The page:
Pictured above: María (Steph Vondell) and Lola (Allyce Carryn Torres) escaping the flood/Photo: Anthony Aicardi
When I was little, I use to run around a massive backyard catching fireflies with my brother. The days between us all were harmonious and constant as there was something special about these summer nights. Maybe it was the freedom of being a kid, or the close bond that I had with my brother, but as I grew older, I realized there was something else occurring. During these times of such amicable liberty, I had the power to be whatever and become whatever I wanted. My ability to self-reflect was not yet installed, and in turn, my imagination and sense of self was far and wide.
The journey of self-reflection is continuous and can be difficult to concrete. There are many factors in life that change the path we so think we are made for. Other times we don’t learn the skill sets or habits to become completely distinctive in ourselves. For we get attached to others beliefs (the media and/or other’s thoughts) and begin to lose track of own notions.
For their 2018 summer season, Something Marvelous premiered the winner of Mexico’s “Premio Bellas Artes Mexicali de Dramaturgia,” Firefly Love. This show not only portrays a young girl’s (needed) reflection of herself but in a way, produces a self-reflection for me to partake in.
“It doesn’t matter whether you identify as male, female, Latinx or not, the journey of self-discovery exists in us all,” Director of Firefly Love Rinska Carrasco-Prestinary said, “And learning what makes you happy and loved is a lesson we are forever learning.”
Prestinary words end up describing and leading both the thematic and storytelling of the play. As María ends up meeting someone who looks identical to her, I began to question if that person really existed—or if it was just María looking at herself the entirety of the show.
As I watched this journey of self-reflection, it seemed as if they were piecing together a complicated puzzle—but with all the pieces coming together at the very end. In a way, this works, as self-discovery is challenging; but for the stage, certain parts of this production can be frustrating to comprehend. I had many questions, like what was the main goal for Maria? How did the other characters initiate her journey? Where are they even going and why?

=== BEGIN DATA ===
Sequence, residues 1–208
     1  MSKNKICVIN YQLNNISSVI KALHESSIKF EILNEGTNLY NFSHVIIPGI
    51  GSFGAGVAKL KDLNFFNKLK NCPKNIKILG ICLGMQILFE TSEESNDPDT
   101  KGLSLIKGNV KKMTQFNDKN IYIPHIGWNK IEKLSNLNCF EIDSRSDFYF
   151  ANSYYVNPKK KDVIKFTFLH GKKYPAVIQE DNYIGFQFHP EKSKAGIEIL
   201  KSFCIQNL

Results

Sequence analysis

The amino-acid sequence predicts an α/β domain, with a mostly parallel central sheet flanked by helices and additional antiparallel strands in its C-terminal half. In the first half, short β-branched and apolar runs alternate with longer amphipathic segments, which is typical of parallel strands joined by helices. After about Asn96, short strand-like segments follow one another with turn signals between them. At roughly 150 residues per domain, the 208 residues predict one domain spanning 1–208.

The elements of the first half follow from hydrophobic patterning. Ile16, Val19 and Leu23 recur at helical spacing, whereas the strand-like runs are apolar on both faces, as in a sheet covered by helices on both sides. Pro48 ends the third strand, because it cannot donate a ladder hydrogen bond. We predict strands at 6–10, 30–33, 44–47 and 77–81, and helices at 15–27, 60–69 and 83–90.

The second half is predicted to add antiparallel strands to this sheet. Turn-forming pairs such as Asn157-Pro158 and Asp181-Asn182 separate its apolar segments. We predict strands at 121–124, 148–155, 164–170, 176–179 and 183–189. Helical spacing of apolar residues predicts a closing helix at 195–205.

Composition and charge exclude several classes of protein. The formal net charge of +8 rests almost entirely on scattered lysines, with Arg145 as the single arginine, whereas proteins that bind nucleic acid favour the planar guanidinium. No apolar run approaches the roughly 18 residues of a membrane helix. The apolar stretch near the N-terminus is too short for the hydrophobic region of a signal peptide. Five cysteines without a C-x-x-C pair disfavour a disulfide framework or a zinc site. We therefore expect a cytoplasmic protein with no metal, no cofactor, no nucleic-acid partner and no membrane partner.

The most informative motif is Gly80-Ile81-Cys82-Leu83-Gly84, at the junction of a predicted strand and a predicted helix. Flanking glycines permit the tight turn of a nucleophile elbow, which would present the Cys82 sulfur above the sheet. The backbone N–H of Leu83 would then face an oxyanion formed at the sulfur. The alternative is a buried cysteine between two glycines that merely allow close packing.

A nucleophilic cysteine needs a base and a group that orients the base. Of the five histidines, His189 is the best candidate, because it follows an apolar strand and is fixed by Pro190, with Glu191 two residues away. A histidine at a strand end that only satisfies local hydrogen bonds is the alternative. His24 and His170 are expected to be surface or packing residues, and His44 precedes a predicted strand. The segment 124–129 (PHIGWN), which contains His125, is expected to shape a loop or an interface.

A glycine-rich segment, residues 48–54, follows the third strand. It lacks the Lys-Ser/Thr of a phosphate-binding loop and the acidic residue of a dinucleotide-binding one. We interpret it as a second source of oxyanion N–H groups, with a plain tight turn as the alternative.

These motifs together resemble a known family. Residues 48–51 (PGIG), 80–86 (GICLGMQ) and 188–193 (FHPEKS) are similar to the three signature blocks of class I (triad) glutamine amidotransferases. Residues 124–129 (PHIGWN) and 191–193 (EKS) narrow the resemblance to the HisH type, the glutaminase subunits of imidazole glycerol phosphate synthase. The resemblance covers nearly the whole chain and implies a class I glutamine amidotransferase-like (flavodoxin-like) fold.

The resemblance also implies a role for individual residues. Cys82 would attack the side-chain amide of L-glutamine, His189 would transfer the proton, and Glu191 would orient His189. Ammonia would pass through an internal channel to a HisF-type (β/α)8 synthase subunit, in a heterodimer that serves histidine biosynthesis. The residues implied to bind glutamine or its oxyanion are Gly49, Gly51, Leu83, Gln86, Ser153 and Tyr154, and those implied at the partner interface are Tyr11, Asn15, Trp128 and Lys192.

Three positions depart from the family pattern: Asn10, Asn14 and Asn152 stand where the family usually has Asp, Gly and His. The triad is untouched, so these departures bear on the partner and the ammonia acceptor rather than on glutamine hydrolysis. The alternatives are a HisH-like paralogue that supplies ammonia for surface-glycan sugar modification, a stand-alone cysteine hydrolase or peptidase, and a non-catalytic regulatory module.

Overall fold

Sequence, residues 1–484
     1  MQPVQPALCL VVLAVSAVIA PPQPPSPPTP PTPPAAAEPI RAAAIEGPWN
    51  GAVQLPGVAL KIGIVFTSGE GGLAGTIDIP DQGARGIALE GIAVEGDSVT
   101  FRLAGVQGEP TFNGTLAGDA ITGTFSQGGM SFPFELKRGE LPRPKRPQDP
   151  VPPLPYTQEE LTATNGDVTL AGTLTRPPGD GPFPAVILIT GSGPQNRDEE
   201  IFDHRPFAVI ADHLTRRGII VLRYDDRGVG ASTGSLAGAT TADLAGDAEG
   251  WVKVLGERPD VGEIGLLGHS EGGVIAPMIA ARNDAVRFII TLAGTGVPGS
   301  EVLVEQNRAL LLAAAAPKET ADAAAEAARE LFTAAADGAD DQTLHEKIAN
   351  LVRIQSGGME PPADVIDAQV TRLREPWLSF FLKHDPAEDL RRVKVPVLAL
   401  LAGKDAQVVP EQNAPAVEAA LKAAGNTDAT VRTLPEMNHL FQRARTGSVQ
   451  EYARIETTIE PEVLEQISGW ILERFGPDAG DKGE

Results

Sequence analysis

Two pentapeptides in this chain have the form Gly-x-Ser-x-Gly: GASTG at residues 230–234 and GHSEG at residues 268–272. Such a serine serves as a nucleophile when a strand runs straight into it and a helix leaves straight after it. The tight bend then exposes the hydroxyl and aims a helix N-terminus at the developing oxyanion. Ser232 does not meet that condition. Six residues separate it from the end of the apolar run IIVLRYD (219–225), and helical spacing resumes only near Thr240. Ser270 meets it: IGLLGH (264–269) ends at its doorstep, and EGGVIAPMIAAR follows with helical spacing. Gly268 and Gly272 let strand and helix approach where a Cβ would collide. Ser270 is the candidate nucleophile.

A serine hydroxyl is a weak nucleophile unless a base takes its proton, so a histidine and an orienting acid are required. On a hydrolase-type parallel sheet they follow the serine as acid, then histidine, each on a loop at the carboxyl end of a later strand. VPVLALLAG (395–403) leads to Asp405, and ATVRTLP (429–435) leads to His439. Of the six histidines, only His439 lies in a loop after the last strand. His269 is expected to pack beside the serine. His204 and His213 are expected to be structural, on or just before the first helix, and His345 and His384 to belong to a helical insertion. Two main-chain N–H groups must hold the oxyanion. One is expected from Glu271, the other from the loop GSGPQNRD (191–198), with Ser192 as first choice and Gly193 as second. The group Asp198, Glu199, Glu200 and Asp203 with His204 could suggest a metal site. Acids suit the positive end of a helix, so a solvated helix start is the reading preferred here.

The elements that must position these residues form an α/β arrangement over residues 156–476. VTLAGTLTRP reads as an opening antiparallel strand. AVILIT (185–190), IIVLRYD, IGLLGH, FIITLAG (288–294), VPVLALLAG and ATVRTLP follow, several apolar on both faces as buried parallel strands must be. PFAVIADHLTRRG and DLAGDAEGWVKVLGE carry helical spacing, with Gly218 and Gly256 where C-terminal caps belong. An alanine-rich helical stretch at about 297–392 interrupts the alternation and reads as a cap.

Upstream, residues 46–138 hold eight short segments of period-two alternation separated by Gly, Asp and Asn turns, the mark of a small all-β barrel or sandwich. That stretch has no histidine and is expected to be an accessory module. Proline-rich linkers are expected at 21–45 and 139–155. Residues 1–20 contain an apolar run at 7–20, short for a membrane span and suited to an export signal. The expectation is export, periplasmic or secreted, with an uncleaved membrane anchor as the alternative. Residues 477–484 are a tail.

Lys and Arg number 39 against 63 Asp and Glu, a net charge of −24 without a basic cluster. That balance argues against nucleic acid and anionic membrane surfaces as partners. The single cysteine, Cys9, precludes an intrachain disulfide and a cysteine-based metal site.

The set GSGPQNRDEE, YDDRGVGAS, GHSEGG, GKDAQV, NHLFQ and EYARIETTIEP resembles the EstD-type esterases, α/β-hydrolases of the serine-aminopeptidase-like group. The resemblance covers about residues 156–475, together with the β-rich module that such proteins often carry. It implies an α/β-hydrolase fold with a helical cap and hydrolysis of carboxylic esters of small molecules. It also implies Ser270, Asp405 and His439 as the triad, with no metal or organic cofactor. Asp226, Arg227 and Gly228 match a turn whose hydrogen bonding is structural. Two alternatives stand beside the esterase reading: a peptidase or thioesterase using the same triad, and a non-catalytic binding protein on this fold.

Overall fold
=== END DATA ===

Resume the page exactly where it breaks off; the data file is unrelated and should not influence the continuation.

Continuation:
Still, both Steph Vondell and Allyce Carryn Torres (playing María’s best friend) create real moments on stage, and the chemistry between them is noticeable. Tears, laughter and the ongoing need for a good time to stick out in this relationship. The dialogue between them is messy and conflicting, portraying an honest take regarding a long-term friendship.
On another note (as I think it’s important to admit), the American translation of this play led to a loss of Spanish dialogue and/or traditional components from the original script written by Alejandro Ricano. Representation of place, culture, background, who we are and what we represent is necessary for honest storytelling in the theater world; unfortunately, this show fails to contribute to those crucial ideas to me. Individuals deserve freedom of speech (especially in art) but how far can we go in a society built off cultural approval and firm sensitivity? Many of the characters in this production seemed like a flamboyant mockery, rather than a genuine representation, of Hispanic people.
Even still, what is special about this production—productions with surrealism as a form—is the gift of interpretation. When I walked into the world of Firefly Love, any creative idea, feeling or thought could be called for and deepened for personal intake.
Since 2013, Something Marvelous has debuted many forms of surrealist productions inside Chicago, each filled with magical realism and innovation. With such a deep sense of imagination and play coming from this company, Chicago’s theater community is left with a needed sense of nuance for the industry as a whole.
As I watched, I couldn’t help but ask myself, what is it about surrealism that makes us interested? What do we need inside of this genre in order for it to make sense, yet become something new? It’s important for the theater community to continue to grow this style, as it is intriguing and universal for any individual to view. Many new ideas and forms that aren’t inside capitalistic companies can be utilized. New artists are introduced and new ways of expressing can be followed out. Luckily, companies like Something Marvelous are contributing to this process, and in turn, increasing the number of contemporary viewpoints and shows for the city to enjoy.
The performances for Firefly Love will occur Thursdays, Fridays and Saturdays at 7:30 PM and Sundays at 3 PM through July 15. For more information and tickets, visit athenaeumtheatre.com. You can also donate to Something Marvelous (for more surrealism work) by visiting their website somethingmarvelous.org/special-thanks
Ellie Danisch (she/hers/her) is a native of Chicago. Born and raised around the world, she found a home in the theater industry and has been enjoying the business ever since. She has previously worked for The Odyssey, where most of her work focused on politically-based issues and social injustice. Catch up with her at iamelliedanisch.com or at her Instagram @huefuldreams for more of her work.
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